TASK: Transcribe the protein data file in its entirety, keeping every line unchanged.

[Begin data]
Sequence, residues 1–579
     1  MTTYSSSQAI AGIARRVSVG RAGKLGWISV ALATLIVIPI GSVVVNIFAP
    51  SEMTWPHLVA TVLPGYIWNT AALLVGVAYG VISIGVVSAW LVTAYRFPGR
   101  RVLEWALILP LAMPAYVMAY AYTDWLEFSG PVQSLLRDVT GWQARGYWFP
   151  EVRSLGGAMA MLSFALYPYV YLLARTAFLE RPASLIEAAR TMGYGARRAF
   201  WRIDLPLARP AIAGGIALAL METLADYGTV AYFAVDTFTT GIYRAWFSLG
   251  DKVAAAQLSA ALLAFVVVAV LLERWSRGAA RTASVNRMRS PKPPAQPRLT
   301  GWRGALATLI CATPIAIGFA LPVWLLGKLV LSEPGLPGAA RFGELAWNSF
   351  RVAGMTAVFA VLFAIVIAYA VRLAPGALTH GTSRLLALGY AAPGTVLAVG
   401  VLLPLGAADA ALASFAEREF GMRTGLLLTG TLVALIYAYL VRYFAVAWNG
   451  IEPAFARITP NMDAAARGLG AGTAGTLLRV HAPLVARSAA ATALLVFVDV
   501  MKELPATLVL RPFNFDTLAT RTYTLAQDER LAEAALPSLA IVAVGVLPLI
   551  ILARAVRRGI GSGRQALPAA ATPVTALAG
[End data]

Sequence, residues 1–579
     1  MTTYSSSQAI AGIARRVSVG RAGKLGWISV ALATLIVIPI GSVVVNIFAP
    51  SEMTWPHLVA TVLPGYIWNT AALLVGVAYG VISIGVVSAW LVTAYRFPGR
   101  RVLEWALILP LAMPAYVMAY AYTDWLEFSG PVQSLLRDVT GWQARGYWFP
   151  EVRSLGGAMA MLSFALYPYV YLLARTAFLE RPASLIEAAR TMGYGARRAF
   201  WRIDLPLARP AIAGGIALAL METLADYGTV AYFAVDTFTT GIYRAWFSLG
   251  DKVAAAQLSA ALLAFVVVAV LLERWSRGAA RTASVNRMRS PKPPAQPRLT
   301  GWRGALATLI CATPIAIGFA LPVWLLGKLV LSEPGLPGAA RFGELAWNSF
   351  RVAGMTAVFA VLFAIVIAYA VRLAPGALTH GTSRLLALGY AAPGTVLAVG
   401  VLLPLGAADA ALASFAEREF GMRTGLLLTG TLVALIYAYL VRYFAVAWNG
   451  IEPAFARITP NMDAAARGLG AGTAGTLLRV HAPLVARSAA ATALLVFVDV
   501  MKELPATLVL RPFNFDTLAT RTYTLAQDER LAEAALPSLA IVAVGVLPLI
   551  ILARAVRRGI GSGRQALPAA ATPVTALAG